Authors: Tara McTiernan
“Isn’t that funny?” Tatiana said in a lilting voice. “I was certain you were going to order the burger. I don’t know why. I guess you just strike me as a meat-and-potatoes kind of girl.”
Keeley sat up straighter, trying to elongate her waist and hide the roll of fat that had grown there over the last month. The pounds had packed on ever since the book review came out. She knew Tatiana was making a dig at her ballooning weight and, not knowing what else to do, she decided to ignore it.
“So! How are you both enjoying the fall? Do you go leaf-peeping anywhere?” Keeley said, trying to appear chipper and interested. Distract them for now, that was the key. She would tell them her bad news later, right before she made her exit.
“Leaf peeping?” Brooke smiled at her. “You are really cute with these little sayings you have.”
“No really,” Keeley said, blinking. “It’s a term for-“
“Yes, yes, we know the colloquialism,” Tatiana interrupted. “What we really want to talk about is your amazing win for the event. Mario Costa! I just can’t believe it! Does your husband really know him?”
“Of course he does,” Brooke said, snapping a little at Tatiana, before turning to Keeley with a warm smile. “Really, it is amazing though. Mario is even better than Susan. I mean, nothing against Susan, but Mario Costa! I just can’t get over it.”
“Well,” Keeley said, cringing inside. “I, I think I jumped the gun-“
“I knew it!” Tatiana crowed, looking wickedly gleeful.
Brooke stared at Keeley. “What?”
Keeley, shaken by Tatiana’s full-on attack, saw their waiter about to pass by their table on his way toward the kitchen. “Waiter!”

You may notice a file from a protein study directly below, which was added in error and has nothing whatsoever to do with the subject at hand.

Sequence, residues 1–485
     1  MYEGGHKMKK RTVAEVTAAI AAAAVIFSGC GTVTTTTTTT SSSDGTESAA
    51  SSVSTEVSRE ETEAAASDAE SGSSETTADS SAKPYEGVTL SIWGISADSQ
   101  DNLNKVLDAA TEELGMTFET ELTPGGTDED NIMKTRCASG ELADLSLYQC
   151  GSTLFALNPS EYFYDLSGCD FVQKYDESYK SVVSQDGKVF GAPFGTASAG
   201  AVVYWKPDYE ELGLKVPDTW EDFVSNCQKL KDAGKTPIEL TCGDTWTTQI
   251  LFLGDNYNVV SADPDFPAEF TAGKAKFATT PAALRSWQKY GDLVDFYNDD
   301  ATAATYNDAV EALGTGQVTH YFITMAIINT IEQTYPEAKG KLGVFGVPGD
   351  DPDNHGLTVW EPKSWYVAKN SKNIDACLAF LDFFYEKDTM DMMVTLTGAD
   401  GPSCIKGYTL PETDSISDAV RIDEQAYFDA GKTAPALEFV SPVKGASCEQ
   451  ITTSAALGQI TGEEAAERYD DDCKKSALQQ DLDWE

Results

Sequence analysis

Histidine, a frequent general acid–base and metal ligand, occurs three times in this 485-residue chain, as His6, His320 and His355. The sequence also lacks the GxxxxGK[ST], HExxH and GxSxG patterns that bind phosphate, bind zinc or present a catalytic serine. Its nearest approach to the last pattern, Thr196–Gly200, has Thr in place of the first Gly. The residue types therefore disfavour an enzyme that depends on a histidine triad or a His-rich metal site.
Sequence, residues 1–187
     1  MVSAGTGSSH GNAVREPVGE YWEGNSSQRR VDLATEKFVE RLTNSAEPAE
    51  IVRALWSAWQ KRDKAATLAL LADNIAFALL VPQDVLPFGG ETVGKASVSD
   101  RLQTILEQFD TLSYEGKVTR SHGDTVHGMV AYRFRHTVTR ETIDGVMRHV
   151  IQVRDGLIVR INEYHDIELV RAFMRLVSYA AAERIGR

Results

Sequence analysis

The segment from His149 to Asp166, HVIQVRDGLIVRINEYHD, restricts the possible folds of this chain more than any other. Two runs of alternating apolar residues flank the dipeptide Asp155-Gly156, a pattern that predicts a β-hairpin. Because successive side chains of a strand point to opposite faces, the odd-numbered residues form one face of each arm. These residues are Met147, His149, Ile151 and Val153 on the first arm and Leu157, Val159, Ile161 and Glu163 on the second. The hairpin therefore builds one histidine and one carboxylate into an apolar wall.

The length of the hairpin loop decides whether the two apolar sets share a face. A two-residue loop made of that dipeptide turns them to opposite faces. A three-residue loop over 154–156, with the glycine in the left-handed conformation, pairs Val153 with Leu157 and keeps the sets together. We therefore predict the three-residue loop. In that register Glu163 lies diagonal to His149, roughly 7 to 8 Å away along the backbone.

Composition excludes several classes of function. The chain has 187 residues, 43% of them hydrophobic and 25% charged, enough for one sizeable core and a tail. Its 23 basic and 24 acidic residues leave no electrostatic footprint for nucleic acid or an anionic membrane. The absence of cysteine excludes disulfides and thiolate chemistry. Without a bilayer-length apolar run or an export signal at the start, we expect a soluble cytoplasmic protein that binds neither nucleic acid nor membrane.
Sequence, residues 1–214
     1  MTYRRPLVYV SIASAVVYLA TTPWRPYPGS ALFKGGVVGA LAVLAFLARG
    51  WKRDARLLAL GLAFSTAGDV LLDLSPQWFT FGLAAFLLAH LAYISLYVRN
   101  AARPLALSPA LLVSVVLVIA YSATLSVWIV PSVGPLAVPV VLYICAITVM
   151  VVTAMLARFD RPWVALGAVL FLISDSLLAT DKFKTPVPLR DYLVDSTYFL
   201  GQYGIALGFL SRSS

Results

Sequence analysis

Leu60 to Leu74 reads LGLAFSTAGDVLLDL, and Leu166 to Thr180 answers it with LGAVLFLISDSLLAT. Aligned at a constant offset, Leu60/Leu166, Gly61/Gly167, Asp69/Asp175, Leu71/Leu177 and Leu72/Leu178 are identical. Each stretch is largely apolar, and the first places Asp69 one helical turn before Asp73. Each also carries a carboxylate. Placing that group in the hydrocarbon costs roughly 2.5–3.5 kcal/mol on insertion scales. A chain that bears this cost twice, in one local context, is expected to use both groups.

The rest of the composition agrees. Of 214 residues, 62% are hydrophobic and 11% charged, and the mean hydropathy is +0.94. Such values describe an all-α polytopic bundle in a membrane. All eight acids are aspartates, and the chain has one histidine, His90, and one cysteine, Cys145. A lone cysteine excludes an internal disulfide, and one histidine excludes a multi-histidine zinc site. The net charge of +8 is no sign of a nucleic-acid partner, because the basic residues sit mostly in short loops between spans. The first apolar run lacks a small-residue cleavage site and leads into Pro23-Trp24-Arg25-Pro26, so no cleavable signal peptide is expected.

He paused, a small polite smile playing on his thin lips. Why couldn’t they have the redhead for a waitress instead of this nimrod? No, she would never please him or these two, so she was going to stop with the act. Right now. To hell with it. “I need to change my order. I’d like the Cocotte Jolie Burger, medium rare with fried onions on it and lots of ketchup. Oh, and a nice big glass of Chardonnay. Whatever one by the glass you suggest.”
The waiter’s eyebrows flew up and he really looked at her for the first time. She could swear she saw something like admiration in that look.
He said, “Certainly. Excellent choice. I’ll bring you the Ramey Cellars chardonnay. I think you’ll love it.” He smiled at her with a little twinkle in his eye, bowed slightly, and walked away.
When she turned back, Brooke was still staring at her. Brooke said slowly, “I’m sorry. I think I misunderstood you. What were you saying?”
“She lied!” Tatiana said in a hissing low voice.
“Tatiana, would you please be quiet,” Brooke said. She turned back to Keeley, “I want to hear what Keeley has to say.”